PMP Risk Management as Applied to Behavioral Health

This is a blogpost detailing the use of PMP risk management techniques to help manage mental health disease symptoms:

During the last 20 years or so, I have been applying risk management techniques learned as a Project Management Professional to help manage risks associated with my mental health and mental illness characteristics.  What I learned as a technical skill as a project manager to manage risks can be applied to illness management as a person with bipolar illness.  Typically in risk management, the project manager identifies with the team all the risks associated with the particular project in hand.  After recounting the risks, the team goes through the process of assigning probability of occurrence and level of impact associated with each risk to the project.  After the severity and likelihood of the risk is captured, the team then works to develop mitigation strategies for each risk and to indicate whether mitigation strategies are sufficient to address each risk recorded. 

How can this be helpful to a person with mental illness?  The idea of risk management is characterizing the probability and impact of the risk and then creating risk mitigation strategies.  This same scenario can be applied to managing risks associated with bipolar illness.  This risk management may take place with the patient’s care team including the prescribing doctor and the therapist.  For example, say I have extreme anxiety about leaving my home and have an Obsessive Compulsive Disorder-type set of checking routines I do to mitigate this anxiety.  The risk would be the anxiety condition and the mitigation would be the checking routine.  This is a largely effective strategy for managing this form of anxiety unless the OCD ritual becomes ever-present and ever-pervasive.  In this instance with the OCD mitigation it might be said that the risk mitigation strategy is becoming non-mitigating.  It may be time to revisit that risk or anxiety and re-evaluate what an effective new mitigation strategy might look like.  This might include self-talk about the probability of the risk occurring based on the prior number of years the risk has been managed and self-talk about the impact if ever the risk or anxiety has manifested itself in an actual real event during the course of tracking the risk.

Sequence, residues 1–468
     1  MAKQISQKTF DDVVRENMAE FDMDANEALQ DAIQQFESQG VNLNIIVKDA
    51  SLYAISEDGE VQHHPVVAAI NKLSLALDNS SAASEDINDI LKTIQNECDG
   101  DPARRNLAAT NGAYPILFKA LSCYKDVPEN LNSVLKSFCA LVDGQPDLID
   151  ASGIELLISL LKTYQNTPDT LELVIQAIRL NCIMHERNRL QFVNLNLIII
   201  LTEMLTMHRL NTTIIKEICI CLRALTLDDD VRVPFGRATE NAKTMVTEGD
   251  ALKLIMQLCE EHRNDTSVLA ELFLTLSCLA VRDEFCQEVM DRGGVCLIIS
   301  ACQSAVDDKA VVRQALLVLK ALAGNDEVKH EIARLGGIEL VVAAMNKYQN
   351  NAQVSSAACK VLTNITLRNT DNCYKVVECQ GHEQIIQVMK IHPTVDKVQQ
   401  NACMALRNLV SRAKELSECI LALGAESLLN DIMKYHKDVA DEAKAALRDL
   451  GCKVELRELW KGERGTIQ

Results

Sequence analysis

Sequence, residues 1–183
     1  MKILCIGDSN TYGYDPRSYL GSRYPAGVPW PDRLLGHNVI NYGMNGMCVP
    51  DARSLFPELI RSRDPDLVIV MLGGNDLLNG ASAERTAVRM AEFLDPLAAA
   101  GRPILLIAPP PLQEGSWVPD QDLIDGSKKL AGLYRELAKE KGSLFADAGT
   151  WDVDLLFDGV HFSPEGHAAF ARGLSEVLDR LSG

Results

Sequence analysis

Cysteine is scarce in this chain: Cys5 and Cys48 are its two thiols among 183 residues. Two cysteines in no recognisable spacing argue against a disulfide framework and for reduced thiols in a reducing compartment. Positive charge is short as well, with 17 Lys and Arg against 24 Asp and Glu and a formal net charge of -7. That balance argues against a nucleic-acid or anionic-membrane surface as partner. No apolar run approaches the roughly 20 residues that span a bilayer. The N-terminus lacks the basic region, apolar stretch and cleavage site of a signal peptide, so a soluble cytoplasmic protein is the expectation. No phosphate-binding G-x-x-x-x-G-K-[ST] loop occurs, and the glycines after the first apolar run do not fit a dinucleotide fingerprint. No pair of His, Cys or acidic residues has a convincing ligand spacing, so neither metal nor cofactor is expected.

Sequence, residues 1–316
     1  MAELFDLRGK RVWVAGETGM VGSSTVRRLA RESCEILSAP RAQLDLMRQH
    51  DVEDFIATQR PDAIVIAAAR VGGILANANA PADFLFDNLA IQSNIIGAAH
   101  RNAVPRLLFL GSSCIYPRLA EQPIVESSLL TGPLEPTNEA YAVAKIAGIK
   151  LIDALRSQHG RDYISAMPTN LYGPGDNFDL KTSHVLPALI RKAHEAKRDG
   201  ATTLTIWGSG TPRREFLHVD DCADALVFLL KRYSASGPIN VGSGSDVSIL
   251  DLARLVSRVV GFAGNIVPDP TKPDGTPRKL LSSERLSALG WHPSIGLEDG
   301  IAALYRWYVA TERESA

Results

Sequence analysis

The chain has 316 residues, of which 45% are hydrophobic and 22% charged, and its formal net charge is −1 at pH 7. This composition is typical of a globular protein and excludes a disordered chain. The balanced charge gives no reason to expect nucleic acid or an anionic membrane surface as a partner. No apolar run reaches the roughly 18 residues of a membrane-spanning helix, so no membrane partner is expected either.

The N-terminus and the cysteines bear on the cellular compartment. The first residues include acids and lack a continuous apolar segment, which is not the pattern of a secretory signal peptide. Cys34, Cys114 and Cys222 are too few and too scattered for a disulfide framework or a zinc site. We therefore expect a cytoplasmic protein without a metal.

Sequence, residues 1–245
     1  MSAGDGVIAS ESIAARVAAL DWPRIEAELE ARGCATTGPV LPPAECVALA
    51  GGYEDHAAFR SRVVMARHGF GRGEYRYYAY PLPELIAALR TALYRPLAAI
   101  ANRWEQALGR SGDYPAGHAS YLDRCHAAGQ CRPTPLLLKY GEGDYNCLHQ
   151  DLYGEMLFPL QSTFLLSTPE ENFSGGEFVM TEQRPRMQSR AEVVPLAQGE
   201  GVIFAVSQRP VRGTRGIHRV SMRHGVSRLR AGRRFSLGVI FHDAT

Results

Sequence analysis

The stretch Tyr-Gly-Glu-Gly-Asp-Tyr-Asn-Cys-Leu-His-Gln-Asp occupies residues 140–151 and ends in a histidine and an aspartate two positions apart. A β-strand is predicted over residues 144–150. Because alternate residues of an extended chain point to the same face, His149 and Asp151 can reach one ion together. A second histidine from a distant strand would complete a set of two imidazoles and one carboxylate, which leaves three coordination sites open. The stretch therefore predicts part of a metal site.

All in all, assigning probability and impact to behavioral health management risks helps set priorities for what is a big risk to manage versus what is a smaller risk to manage.  Key is the development of effective risk-management mitigation strategies to use to address the risks.  Also key is the reassessment of risk mitigation strategies when the risk mitigation is no longer effective.  At that time, new measures of risk mitigation need to be developed and put into place.

All in all, risk management learned through the Project Management Professional lens can prove helpful in the management of unwanted behaviors associated with bipolar illness.  Different risks can be catalogued and associated with different mitigation strategies.  When these mitigation strategies no longer are viable, new mitigation techniques are developed and applied.   

What tools – either from your professional life or not – do you use to help mitigate your illness symptoms?

My Sojourn through Bipolar Illness – Managing Anxiety Then and Now

My daughter was born 16 years ago when I was 40 years old.  She is the light and the delight of my world, yet her birth marks a turning point in my illness particularly as regards my experiences of anxiety.  As a parent, my experience of anxiety has quadrupled or more over the years of being a parent.